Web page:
Tasmania will set up an independent anti-corruption watchdog to investigate politicians, police and public servants, Australian Associated Press reported on Friday.
It had previously fallen to the state's police to investigate the sort of corruption handled by independent watchdogs in other Australian states.
Attorney General Lara Giddings said legislation enabling the formation of the Integrity Commission would be tabled before the end of the year.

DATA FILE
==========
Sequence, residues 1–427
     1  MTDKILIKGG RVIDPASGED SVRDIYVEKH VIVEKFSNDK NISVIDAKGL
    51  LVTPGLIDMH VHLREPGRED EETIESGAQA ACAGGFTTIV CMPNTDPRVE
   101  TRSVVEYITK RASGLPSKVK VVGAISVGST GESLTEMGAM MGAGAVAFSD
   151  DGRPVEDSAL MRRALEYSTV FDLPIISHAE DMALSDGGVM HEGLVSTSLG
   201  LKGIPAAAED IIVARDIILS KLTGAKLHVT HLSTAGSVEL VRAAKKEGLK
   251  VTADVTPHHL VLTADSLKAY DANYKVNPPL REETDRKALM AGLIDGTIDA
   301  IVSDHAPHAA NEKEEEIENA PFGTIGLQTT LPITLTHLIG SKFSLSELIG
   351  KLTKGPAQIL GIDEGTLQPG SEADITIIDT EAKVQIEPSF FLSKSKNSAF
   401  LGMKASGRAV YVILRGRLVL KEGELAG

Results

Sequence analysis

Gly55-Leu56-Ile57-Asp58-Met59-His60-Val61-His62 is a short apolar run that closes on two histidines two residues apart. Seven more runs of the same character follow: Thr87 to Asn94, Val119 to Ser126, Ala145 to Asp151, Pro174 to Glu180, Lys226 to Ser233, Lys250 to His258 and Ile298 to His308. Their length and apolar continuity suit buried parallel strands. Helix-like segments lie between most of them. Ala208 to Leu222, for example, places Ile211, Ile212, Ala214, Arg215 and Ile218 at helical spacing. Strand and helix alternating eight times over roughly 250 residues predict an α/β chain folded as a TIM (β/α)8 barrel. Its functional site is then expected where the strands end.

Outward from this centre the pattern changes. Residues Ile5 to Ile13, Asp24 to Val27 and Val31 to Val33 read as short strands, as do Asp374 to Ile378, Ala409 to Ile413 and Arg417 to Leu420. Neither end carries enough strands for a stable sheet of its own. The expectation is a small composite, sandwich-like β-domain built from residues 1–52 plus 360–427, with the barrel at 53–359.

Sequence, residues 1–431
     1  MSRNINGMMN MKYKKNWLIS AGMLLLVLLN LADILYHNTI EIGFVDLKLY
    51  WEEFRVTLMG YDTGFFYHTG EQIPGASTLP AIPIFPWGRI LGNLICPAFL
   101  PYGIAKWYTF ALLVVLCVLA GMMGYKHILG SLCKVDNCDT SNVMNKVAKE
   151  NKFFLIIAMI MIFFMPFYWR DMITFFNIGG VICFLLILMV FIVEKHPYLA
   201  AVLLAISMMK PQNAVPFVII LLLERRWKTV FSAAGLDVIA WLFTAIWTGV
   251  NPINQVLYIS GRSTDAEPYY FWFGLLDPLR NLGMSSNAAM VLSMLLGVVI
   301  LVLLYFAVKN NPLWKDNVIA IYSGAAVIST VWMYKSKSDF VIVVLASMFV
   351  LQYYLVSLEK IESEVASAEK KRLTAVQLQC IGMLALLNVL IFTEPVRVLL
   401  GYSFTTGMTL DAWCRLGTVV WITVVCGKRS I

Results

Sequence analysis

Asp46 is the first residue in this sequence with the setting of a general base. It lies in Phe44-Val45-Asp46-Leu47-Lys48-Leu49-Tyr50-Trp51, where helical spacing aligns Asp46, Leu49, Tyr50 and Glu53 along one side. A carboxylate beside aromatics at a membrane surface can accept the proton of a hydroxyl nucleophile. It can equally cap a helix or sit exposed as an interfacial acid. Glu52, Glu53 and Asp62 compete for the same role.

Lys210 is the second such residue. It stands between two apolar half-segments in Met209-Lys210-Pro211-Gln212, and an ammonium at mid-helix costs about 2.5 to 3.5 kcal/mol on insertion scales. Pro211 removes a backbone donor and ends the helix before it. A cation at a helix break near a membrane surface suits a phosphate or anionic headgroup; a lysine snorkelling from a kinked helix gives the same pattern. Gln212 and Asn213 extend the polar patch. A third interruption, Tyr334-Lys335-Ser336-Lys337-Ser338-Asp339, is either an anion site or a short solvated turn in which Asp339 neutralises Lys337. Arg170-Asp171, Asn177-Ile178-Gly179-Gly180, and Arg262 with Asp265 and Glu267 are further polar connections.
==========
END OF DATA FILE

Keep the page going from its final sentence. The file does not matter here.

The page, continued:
Tasmanian Premier David Bartlett said however it would be tough to have the commission operational before the March election.
"I would like to see it up and running before the March 20 election but we are just going to have to work extremely hard to reach that goal," he told Australian Broadcasting Corporation radio.
Bartlett's first act as premier in May last year was to establish the parliamentary committee that recommended forming the commission.
This followed a series of scandals that claimed two deputy premiers and led to Paul Lennon quitting as premier.
The committee recommended the Integrity Commission should have powers to investigate matters retrospectively, and also be able to seek a warrant from a magistrate to wiretap in the course of its investigations.